Yesterday afternoon in the War Memorial Opera House, the San Francisco Opera (SFO) gave is second of seven performances of Lucia di Lammermoor, Gaetano Donizetti’s adaptation of Walter Scott’s novel The Bride of Lammermoor with a libretto by Salvadore Cammarano. The production was staged by Michael Cavanagh, and Nicola Luisotti conducted the SFO Orchestra. Extensive choral work was prepared by SFO Chorus Director Ian Robertson.
In many respects Lucia di Lammermoor is emblematic of the literal translation of “bel canto.” Beautiful singing takes precedence over all other production values, both dramatic and musical. In most bel canto operas solo arias take priority over everything else and dramatism tends to be confined to duets and the occasional trio. However, the pride of Lucia di Lammermoor takes place at the end of the second act when the surprise appearance of Sir Edgardo di Ravenswood (tenor Piotr Beczała) interrupts the marriage of Lucia (soprano Nadine Sierra) to Lord Arturo Bucklaw (tenor Chong Wang), a wedding planned by her manipulative brother, Lord Enrico Ashton (baritone Brian Mulligan), who had seized the Ravenswood estates through a family feud. Unknown to Enrico, Lucia has given her heart to Edgardo and dreads the oncoming marriage.
What happens next unfolds in the elaborate sextet “Chi raffre a il mio furore” (what restrains me from fury). It begins with concurrent soliloquies by Edgardo and Enrico, to which are added (after extended duet singing) a soliloquy by Lucia’s Calvinist tutor and chaplain, Raimondo Bidebent (bass Nicolas Testé) and Lucia turning to her handmaid Alisa (mezzo Zanda Švēde) in bewilderment. Alisa then tries to comfort Lucia while Arturo express the confusion that overwhelms him.
There is nothing new in this gradual accumulation of voices. Wolfgang Amadeus Mozart did it particularly well at the end of the second act of his K. 492 The Marriage of Figaro, and Gioachino Rossini’s The Barber of Seville was equally adept at the technique. Donizetti clearly learned much from both of them (which is evident in far more than this sextet scene). However, the idea of introducing the characters two at a time is definitely a departure from his predecessors, although it was probably motivated by a new approach to providing a platform for beautiful singing, rather than the need for a critical dramatic element, which both Mozart and Rossini seem to have valued.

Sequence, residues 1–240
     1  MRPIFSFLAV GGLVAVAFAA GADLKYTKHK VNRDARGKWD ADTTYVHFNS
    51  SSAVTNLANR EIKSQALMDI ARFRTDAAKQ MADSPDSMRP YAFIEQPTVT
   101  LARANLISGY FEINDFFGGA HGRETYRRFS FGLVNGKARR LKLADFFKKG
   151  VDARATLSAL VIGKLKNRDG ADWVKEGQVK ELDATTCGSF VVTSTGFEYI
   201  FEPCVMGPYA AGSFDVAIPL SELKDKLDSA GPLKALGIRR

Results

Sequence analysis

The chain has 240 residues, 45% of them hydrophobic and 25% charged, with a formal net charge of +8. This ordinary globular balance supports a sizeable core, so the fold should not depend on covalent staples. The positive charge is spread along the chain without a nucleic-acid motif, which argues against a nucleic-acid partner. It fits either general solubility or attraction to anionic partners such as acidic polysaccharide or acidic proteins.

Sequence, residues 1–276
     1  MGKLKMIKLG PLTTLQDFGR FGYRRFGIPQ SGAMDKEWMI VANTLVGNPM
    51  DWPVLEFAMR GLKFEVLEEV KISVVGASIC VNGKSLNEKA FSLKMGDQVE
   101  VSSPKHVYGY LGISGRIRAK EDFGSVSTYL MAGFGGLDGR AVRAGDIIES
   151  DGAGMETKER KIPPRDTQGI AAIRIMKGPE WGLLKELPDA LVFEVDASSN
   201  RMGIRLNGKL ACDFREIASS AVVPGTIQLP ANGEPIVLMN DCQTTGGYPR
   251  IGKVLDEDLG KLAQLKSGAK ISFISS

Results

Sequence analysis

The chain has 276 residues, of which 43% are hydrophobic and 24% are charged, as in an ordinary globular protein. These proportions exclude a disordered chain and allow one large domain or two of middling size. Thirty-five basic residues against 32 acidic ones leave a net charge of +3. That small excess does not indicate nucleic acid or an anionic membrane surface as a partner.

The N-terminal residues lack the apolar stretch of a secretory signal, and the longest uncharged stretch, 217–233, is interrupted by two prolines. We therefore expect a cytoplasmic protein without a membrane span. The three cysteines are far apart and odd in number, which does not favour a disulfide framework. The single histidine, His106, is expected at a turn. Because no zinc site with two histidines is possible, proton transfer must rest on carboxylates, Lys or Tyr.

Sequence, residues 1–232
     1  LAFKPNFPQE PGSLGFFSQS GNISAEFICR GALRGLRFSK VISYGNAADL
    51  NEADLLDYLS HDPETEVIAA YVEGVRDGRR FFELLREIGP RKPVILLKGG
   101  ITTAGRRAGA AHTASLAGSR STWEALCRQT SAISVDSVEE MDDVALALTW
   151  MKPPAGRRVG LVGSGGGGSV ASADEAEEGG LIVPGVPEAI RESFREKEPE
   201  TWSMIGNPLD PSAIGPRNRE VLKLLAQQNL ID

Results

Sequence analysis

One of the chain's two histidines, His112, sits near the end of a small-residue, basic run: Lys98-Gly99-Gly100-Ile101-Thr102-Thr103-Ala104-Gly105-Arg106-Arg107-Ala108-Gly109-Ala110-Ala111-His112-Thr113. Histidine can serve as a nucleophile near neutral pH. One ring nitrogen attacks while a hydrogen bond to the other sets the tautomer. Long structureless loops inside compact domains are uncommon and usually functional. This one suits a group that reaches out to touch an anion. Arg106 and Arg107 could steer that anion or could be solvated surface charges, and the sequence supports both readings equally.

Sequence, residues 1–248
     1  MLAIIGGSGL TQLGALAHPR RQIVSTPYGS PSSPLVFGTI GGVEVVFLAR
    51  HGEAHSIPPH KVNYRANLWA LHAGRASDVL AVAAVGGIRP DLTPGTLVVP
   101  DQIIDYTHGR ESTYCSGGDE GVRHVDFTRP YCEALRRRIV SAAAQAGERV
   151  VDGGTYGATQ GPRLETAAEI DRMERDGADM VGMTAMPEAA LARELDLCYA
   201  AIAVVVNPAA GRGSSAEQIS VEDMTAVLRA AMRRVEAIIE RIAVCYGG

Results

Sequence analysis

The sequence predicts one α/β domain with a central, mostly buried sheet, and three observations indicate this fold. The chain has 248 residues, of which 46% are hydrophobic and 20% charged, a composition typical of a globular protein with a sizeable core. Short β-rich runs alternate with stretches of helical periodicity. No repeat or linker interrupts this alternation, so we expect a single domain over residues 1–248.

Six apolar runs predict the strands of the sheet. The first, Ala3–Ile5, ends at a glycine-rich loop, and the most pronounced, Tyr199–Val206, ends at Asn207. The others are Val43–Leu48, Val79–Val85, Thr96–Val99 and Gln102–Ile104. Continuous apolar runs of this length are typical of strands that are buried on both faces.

Thus, Donizetti established a new feat in the name of beautiful singing by placing six of the opera’s seven characters in a single piece in which they are all singing their hearts out with full passion. The seventh character is Enrico’s retainer Normanno (tenor AJ Glueckert); and yesterday afternoon it looked as if his lips were moving while everyone else was singing. If ever there were a firm declaration that the voices matter more than anything else in this opera, it is this sextet; and, from that point of view, it is important to observe that every one of those voices was up to snuff and then some.
Most important among them all was Nadine Sierra, summoned upon the withdrawal of Diana Damrau from the production. Through her work with Cavanagh, Sierra established the fragility of Lucia’s personality from our very first encounter with her in the second scene of the first act. Ultimately, the entire opera follows Lucia’s descent that leads first to homicidal madness and then to her own death. While Sierra knew how to deliver all the climaxes with the necessary power, it was through her nuanced approach to the softer dynamics that she endowed Lucia with a personality worthy of attention. Equally significant was her command of intonation, particularly during her duet with Principal Flute Julie McKenzie during the Mad Scene, especially impressive since the acoustics of the War Memorial Opera House are not the best when it involves a soprano on the stage and a flute in the orchestra pit listening to each.
In the context of Lucia’s personality, Beczała successfully portrayed Edgardo as the one anchor point for stability in her life. He was all that one could wish from a romantic tenor lead; but his character was one of substance, rather than style. This made for a particularly effective contrast against Mulligan’s dark portrayal of Enrico. It was also gratifying to enjoy Mulligan singing in a language other than English for a change and endowing his Italian with all the coloration appropriate to his character.
Among the other vocalists Testé made his SFO debut as Raimondo. The richness of Donizetti’s lines were not particularly consistent with Raimondo’s Calvinist character; but this is opera, after all. Testé did far more than adequate justice to Donizetti’s writing and then negotiated the narrative thread to the best of his abilities. Equally impressive were the two Adler fellows in the cast, Švēde and Wang, neither of whom contributed very much to the drama; however both gave solid accounts of their vocal parts. (Wang did not portray the corpse of Arturo slain by Lucia on their wedding night. That part was taken by supernumerary Charlie Martinez, whose Zen sense of stillness was positively chilling.) Glueckert’s Normanno was a bit overwhelmed by the chorus during the opening scene, but he gradually found the necessary strength for his delivery as the opera progressed.
All in all, the bel canto tradition of beautiful song could not have been better served.